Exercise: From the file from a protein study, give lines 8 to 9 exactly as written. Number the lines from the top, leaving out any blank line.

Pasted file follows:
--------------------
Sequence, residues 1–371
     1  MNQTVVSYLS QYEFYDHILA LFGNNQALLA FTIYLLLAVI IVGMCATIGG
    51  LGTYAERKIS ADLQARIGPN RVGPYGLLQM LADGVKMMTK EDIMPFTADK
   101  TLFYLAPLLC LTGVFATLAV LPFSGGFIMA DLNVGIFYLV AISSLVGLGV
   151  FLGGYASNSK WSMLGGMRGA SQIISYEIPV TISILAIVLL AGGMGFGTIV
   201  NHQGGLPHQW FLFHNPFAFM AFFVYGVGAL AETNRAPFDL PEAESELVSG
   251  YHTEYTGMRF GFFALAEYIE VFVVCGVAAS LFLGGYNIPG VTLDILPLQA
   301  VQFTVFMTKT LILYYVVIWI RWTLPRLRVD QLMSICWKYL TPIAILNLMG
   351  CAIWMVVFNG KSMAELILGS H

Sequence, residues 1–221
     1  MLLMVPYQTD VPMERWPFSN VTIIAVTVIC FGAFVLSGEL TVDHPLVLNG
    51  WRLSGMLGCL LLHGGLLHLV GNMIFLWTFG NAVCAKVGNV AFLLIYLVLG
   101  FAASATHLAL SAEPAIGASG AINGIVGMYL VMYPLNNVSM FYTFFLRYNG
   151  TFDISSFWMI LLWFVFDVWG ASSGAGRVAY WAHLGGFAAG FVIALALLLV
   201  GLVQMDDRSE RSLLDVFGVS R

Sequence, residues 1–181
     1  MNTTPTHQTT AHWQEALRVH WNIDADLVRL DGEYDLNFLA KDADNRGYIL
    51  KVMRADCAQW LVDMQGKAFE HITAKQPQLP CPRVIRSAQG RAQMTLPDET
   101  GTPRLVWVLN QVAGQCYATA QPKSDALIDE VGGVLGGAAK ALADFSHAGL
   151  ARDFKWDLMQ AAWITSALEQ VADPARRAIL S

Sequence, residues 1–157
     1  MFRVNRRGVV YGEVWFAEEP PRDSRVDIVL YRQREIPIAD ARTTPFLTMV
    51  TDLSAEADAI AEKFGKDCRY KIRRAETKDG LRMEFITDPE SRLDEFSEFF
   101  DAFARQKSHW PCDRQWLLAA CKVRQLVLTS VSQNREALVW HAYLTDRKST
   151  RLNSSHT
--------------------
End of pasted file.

   301  VQFTVFMTKT LILYYVVIWI RWTLPRLRVD QLMSICWKYL TPIAILNLMG
   351  CAIWMVVFNG KSMAELILGS H